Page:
Rated Reads

The Trouble Begins at 8

by Sid Fleischman

Rated: Mild

Sid Fleischman begins his biography of Mark Twain with this: “When I was the young writer of a novel, The New York Times reviewed my comedy with the news that I was no Mark Twain. I was astonished. I had already had myself fitted for a white suit, like the celebrated author of Tom Sawyer and Huckleberry Finn. I had been trying to track down the brand of cigars he smoked by the handful. His wit may have come from the noxious weed. Who knew?”

That sets the tone for this biography of the celebrated and always interesting writer. It’s a fabulous book, not just for the wealth of information about Sam Clemens, a.k.a. Mark Twain, or for the illustrations/photographs that grace its pages, or even for the beautiful layout and font. It’s a great book because Fleischman tells the tale in such an amusing manner.

Fleischman spends the book recounting the origins of Mark Twain — from Clemens’ birth through his rough and wild days in Nevada and San Francisco, through until he became famous. He’s not all that interested in what Twain did with the rest of his life — the later books (aside from Huck Finn) only get a passing glance, as do the last 50 years of Twain’s life. But, then, that’s not the important (or humorous) part of Twain’s life. No, it’s the young Twain, the wild Twain, the one that’s observing, exaggerating, writing, figuring — that’s the interesting Twain.

It isn’t a detailed book, though: there are facts, but Fleischman is not as interested in the facts as he is in the story of Twain’s life. It’s not as dry as a typical biography, but then it’s also not as detailed. Thankfully, Fleischman has a book list (in order of importance and relevance) in the back that will point anyone curious to know more about Twain in the right direction.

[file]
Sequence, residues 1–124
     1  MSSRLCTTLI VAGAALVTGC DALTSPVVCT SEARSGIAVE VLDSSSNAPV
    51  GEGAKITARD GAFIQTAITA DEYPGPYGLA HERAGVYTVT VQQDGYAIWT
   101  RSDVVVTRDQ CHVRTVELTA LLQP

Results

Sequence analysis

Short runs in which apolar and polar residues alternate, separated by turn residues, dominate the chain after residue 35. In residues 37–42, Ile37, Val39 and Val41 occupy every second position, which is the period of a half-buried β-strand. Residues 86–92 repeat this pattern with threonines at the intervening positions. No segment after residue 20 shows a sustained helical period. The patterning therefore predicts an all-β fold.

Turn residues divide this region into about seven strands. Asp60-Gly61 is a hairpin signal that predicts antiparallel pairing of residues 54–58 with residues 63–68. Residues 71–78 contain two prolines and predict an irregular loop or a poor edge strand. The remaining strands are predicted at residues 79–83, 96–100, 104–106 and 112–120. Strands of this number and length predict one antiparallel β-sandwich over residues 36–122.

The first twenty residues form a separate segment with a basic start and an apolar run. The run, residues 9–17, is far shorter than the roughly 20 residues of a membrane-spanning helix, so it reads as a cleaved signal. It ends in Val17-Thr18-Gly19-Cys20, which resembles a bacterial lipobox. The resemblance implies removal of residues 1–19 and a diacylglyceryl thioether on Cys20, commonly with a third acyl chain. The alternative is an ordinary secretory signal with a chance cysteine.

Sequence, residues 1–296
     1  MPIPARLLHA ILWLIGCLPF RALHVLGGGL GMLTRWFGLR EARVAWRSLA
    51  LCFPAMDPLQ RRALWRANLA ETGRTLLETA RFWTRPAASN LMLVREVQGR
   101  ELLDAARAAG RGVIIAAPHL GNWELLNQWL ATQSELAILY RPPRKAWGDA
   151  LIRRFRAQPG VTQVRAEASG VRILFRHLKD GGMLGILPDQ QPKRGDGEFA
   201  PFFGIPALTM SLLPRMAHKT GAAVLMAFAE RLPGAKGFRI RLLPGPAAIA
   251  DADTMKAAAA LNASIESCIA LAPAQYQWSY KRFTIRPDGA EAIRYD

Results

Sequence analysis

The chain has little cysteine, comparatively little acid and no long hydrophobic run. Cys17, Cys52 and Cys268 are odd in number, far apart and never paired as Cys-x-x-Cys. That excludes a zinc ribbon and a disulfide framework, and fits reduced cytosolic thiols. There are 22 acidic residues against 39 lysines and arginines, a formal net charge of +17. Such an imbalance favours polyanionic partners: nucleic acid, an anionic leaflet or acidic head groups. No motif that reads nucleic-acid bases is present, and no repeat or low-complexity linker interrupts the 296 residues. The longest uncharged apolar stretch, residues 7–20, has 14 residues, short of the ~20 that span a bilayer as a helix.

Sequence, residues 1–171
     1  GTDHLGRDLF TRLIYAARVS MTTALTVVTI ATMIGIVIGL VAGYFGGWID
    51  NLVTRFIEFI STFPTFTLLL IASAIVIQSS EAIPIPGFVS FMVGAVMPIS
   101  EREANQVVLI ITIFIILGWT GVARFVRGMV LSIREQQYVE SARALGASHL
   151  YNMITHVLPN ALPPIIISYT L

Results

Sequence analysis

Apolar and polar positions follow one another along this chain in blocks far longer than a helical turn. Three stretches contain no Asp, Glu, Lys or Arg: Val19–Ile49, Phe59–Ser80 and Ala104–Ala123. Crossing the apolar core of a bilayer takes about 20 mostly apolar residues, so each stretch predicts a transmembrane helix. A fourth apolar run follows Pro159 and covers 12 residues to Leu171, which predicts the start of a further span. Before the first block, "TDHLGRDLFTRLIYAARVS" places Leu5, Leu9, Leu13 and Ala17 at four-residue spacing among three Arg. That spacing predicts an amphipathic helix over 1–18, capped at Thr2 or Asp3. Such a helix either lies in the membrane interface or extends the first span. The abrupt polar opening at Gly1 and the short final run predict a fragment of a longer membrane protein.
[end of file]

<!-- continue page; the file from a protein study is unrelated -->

Most of all, though, Fleischman treats Twain probably exactly the way that Twain himself would want to be treated: with equal parts grace, humor and skepticism, which makes it an absolutely wonderful book.

Rated: Mild. A few mild swear words, because Fleischman quotes Twain, and Twain was known for colorful language.

— Reviewed by Melissa Fox

Melissa Madsen Fox's blogging career began in 2004 when she started Book Nut. Reading, reviewing and book blogging have taken over what's left of her life after being a stay-at-home mom to four rambunctious daughters and wife to a slightly- absent-minded professor of political science.

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The Trouble Begins at 8
  • The Trouble Begins at 8
  • by Sid Fleischman
  • Rated: Mild
  • Genre: Young adult
  • Reviewer: